South Africa Zuma's State of the Nation Address - the Myth of Social Partners

posted 10 Feb 2011, 14:57 by Admin uk   [ updated 1 Mar 2011, 07:17 ]

by David Van Wyk on Thursday, 10 February 2011 

Class conflict cannot be mediated. Nedlac is an attempt by the bourgeois state to blunt the class struggle in South Africa by creating the facade of cooperation between classes in an intensely unequal society. South Africa has the biggest gap between rich and poor people in the world. When the economy went into crisis the then denialist Minister of Finance Trevor Manuel denied the crisis for as long as he could so as to avoid remedial action, as a reult the country lost more than a million jobs in a short space of time. In the recovery that followed these jobs were never recovered and the economy reverted to jobless growth which means it reverted to the same situation that it was in before the crisis, minus the jobs.    

 

The swelling of the ranks of the reserve army of labour (the lumpen-proletariat) has increased the pressure on those with jobs as it has increased the levels of economic dependency on the working population. It has also weakened the bargaining power of the working class as the threat of increased unemployment, and the very existence of this huge reserve army of unemployed is used to blackmail and 'discipline the employed. Worse, the bourgeois media is blaming the employed and unionised workers for the unemployment in the country. This is an attempt to ratchet up the tension between organised workers and the unorganised unemployed and to divert attention from the super profits the capitalist class is making in South Africa. Angloplat for example boasts that 'headline earnings per share rose more than sixfold to 1935c in the year to end-December, from 289c a year earlier.'    

 

No wonder the CEO of Anglo can boldly proclaim against nationalisation and in favour of expanding operations. They know, and Zuma's address confirms this, that the old guard in the ANC will never kill the 'goose that lays the golden egg' in the words of a former Minister of Mining. The old Guard in the ANC are all wealthy shareholders in a booming industry. The same industry which is chasing communities off their land as quickly as the land is restored to them by the Department of Land Affairs. No care that this industry is killing South Africa's rivers and ground water. No care that this industry is poisoning our agricultural land and threatening our future water and food security. No care that this industry due to its peculiar history is keeping the country locked into a low wage, high unemployment trap. No care that this industry is preventing economic diversification and is the main reason why Asian countries who were far behind South Africa in terms of industrial development in the 1950s are today light years ahead of us.

 

Mr Zuma speaks of allocating R40 billion towards job creation. Will this R40 billion land in the pockets of the tenderpreneurs, in the pockets of cousins, grandsons and nephews instead of in the pockets of workers nows proudly employed.

 

Nothing in Mr Zuma's speech addresses the expansion of the productive capacity of the economy. We only have to drive through the industrial areas of our major cities to see the empty buildings the inoperational factories, the underutilised capacity. We only have to enter any township, or Yeoville or Hillbrow to see the wasted human resource capacity of this country - the millions of unemployed workers to realise that any claim of real economic growth is false. Economic growth only occurs when all unutilised economic capacity is fully utilised, and then new capacity, new factories, new farms, new economic activity is added. However when a former Bophuthatswana statistician is heading Stats SA any miracle is possible.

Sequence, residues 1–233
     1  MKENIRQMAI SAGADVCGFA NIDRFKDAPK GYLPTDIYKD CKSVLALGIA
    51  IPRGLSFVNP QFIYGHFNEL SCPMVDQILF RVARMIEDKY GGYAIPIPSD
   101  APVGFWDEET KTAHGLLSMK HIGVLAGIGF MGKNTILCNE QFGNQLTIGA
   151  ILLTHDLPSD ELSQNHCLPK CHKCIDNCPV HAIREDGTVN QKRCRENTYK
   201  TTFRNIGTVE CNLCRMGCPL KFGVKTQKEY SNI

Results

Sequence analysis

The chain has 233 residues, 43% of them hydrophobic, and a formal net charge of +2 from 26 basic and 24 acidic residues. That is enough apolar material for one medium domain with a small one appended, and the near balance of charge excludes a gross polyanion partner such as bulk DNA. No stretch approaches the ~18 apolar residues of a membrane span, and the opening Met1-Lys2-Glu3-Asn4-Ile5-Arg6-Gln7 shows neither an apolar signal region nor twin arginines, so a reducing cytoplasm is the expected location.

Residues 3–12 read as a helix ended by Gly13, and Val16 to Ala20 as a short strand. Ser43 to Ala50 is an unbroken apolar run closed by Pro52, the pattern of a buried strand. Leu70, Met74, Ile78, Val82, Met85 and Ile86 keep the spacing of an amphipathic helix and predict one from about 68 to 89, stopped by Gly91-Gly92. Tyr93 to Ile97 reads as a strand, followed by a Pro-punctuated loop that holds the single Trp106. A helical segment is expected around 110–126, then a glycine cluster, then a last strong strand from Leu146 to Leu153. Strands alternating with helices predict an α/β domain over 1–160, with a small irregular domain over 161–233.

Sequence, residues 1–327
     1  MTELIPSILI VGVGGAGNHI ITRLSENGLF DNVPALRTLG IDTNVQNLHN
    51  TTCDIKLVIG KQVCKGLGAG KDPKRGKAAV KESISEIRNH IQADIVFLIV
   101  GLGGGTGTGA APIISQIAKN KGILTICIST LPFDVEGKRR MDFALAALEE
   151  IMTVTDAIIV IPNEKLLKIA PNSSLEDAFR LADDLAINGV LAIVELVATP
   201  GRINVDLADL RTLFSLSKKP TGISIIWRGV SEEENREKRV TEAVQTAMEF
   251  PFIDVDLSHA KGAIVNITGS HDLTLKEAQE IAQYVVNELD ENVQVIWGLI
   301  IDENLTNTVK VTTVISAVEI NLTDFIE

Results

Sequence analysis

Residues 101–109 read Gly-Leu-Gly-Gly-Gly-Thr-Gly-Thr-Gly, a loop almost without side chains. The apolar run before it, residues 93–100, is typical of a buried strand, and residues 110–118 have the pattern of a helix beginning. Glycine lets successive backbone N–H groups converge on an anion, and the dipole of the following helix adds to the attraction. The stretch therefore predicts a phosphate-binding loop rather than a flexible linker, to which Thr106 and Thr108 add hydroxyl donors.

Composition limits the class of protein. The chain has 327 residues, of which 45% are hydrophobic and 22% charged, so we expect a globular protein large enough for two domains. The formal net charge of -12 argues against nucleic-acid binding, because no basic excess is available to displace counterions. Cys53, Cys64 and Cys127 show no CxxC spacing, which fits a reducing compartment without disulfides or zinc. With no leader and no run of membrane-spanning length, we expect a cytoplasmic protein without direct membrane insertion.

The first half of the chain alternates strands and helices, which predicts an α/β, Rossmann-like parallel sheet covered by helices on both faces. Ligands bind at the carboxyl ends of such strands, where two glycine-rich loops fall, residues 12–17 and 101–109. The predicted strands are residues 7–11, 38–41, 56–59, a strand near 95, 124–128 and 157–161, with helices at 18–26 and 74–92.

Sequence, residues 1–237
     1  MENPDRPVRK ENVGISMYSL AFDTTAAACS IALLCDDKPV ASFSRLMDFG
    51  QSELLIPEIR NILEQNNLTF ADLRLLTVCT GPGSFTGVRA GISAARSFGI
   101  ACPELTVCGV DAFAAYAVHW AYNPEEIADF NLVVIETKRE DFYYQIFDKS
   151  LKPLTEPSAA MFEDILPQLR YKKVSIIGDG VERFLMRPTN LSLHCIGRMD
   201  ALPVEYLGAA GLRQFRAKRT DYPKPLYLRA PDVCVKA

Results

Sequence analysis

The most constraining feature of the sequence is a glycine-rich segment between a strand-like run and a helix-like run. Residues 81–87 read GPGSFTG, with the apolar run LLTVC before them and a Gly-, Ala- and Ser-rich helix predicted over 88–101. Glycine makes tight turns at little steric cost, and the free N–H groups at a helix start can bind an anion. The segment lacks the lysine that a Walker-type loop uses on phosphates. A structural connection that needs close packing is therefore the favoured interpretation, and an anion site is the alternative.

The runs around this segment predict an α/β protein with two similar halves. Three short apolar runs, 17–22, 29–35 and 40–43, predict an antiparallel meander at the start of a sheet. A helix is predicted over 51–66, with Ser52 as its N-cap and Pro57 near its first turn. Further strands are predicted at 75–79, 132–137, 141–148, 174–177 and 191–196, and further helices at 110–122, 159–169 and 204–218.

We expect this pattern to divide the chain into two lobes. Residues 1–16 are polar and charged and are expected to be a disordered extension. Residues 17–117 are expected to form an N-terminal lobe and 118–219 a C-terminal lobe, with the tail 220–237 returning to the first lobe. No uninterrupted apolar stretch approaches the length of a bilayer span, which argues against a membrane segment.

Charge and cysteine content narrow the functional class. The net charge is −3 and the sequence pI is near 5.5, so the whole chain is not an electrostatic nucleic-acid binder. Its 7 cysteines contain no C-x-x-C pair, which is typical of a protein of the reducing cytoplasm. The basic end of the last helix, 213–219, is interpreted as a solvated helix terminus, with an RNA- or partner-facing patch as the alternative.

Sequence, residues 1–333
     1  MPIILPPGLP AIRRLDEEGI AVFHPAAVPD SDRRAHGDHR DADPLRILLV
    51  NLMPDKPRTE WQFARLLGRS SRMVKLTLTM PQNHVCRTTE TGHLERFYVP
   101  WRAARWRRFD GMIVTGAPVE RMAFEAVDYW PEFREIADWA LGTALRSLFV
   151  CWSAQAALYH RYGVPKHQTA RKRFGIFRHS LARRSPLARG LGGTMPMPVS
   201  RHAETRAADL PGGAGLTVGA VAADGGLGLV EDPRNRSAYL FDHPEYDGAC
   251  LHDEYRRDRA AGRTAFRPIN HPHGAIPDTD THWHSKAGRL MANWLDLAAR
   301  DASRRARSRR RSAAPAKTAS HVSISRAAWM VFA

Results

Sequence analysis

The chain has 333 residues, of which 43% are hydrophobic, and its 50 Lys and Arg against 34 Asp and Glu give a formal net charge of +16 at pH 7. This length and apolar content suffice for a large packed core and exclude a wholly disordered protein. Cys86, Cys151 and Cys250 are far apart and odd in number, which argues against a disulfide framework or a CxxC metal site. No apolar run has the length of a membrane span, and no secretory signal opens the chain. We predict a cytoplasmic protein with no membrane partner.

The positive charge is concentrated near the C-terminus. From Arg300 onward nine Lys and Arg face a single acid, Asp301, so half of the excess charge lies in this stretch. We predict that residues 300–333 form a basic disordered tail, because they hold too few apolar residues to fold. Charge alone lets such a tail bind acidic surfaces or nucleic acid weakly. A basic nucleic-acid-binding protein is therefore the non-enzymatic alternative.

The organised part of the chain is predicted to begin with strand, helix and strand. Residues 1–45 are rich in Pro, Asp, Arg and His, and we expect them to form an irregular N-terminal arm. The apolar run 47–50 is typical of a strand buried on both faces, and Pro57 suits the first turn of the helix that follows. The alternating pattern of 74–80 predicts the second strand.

Mr Zuma boldly states that betwen 2010 and 2014 there will be hundreds of conferences and meetings in South Africa including that of the International Olympics committee and that this will translate into jobs in the tourism sector. Again this is adding nothing to the productive capacity of the country. No doubt the tourism sector growth will see a rapid increase in sex work, the drugs trade and alcohol and substance abuse. Fanon correctly refers to this neo-colonial obsession with prestige events and tourism as the prostitution of the national economy.

 

Instead of speaking about solving the housing crisis by means of state intervention on behalf of the homeless Mr Zuma takes the bankrupt banking based housing policies of Joe Slovo a step further. Where Joe Slovo handed RDP housing over to the banking sector, thereby emasculating the working class from class actions such as strikes because they would lose their RDP matchboxes if the missed bond repayments, Mr Zuma proposes rental accommodation for the transient semirural working class. Large parts of the working class is trapped into migrant labour, thanks to the mining industry which now gives its migrants a living out allowance and pretends that it no longer employs migrants. Having migrant workers rent accomodation makes it easier to evict them when they are retrenched during economic downturns. It also creates the possibility of growing a rentier capitalist class among the black elite. Thus strengthening the National Party ANC programme of building a black middle class as a buffer against socialist revolution!

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